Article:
NH to receive $26.5M to provide additional services to elderly and disabled
New Hampshire will get $26.5 million over three years to support elderly and disabled individuals in the community instead of in institutions, federal officials said Friday.
It is the first grant to a state under the Balancing Incentive Program, which will provide a total of $3 billion to states under the Affordable Care Act.
“Thanks to health reform, more seniors and people with disabilities will be able to continue to live in their homes and communities, rather than a nursing home,” Marilyn Tavenner, acting administrator of the Centers for Medicare and Medicaid Services, said in a statement. (CMS) announced today.
“We hope other states will follow New Hampshire’s lead in seeking this new grant money to expand community services and supports,” she said.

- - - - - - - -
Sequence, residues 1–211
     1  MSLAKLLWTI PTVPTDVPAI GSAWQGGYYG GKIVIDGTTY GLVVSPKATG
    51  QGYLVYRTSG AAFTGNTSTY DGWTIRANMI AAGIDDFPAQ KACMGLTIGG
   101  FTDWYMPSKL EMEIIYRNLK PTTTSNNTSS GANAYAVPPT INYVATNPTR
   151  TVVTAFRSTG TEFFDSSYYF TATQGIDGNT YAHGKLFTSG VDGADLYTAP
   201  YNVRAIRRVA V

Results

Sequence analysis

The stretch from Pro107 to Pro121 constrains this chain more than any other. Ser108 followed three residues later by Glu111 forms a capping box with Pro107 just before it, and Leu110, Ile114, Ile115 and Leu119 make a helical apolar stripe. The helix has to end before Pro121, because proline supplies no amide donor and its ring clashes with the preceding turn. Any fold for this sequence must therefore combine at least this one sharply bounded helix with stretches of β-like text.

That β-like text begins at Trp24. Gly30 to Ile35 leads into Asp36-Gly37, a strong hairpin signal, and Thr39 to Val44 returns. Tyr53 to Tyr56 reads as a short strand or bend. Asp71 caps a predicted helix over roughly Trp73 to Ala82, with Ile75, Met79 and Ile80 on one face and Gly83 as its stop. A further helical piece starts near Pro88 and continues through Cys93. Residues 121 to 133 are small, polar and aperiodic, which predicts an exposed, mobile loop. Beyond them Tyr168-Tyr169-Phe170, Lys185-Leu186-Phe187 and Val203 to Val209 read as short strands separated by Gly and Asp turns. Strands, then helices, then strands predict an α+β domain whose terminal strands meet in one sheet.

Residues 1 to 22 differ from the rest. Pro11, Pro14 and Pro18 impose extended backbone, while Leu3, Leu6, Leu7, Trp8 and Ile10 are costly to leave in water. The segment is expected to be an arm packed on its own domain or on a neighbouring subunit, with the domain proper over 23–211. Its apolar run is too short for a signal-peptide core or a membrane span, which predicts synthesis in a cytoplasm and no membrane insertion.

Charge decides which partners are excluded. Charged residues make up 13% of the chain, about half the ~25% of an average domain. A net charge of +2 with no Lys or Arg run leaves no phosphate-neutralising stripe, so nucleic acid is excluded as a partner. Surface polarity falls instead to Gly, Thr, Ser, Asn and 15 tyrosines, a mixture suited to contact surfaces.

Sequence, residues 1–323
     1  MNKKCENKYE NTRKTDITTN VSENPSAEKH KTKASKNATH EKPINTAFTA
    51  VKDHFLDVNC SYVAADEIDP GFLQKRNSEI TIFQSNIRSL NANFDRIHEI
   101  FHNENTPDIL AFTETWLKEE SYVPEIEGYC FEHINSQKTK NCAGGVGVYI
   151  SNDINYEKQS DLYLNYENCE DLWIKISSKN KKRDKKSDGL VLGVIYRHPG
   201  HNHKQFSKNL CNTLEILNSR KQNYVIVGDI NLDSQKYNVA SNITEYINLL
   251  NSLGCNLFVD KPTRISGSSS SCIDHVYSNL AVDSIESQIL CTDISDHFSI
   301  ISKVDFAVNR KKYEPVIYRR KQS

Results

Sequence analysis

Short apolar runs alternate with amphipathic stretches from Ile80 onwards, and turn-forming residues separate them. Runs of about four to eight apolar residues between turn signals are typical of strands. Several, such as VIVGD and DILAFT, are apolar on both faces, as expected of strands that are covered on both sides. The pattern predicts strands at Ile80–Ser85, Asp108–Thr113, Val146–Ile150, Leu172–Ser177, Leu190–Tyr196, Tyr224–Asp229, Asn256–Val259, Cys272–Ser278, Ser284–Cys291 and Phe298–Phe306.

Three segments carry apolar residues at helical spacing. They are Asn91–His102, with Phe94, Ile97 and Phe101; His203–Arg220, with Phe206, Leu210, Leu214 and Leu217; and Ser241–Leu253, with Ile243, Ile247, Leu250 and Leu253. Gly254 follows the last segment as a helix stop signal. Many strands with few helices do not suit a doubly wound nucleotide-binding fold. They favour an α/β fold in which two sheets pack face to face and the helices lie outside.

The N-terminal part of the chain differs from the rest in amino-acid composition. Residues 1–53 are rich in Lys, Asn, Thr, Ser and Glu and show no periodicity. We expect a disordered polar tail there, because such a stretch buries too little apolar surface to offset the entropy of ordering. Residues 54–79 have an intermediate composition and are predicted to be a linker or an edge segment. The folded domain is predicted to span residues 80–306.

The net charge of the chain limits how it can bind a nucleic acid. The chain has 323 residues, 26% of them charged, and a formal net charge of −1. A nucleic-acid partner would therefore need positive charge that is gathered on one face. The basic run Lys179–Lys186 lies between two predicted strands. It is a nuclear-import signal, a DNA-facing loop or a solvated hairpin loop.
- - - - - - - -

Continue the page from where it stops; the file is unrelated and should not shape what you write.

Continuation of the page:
The New Hampshire Department of Health and Human Services Balancing Incentive Program will partner with community organizations throughout the state to develop systems of community-based care that serve seniors and individuals with behavioral health needs, physical disabilities, and intellectual disabilities.
Although all states are currently providing optional home or community-based long-term supports for the elderly or disabled persons under Medicaid, demand frequently exceeds state resources, CMS said.
The national percentage of Medicaid spending on home and community based services has more than doubled from 20 percent in 1995 to 43 percent in 2009, CMS said.
“These new grants will help states like New Hampshire give people with long-term care needs the choice about how and where to live their lives,” Cindy Mann, director of the CMS Center for Medicaid and CHIP Services, said.
New Hampshire’s grant funds will run from April 1, 2012, through Sept. 30, 2015.
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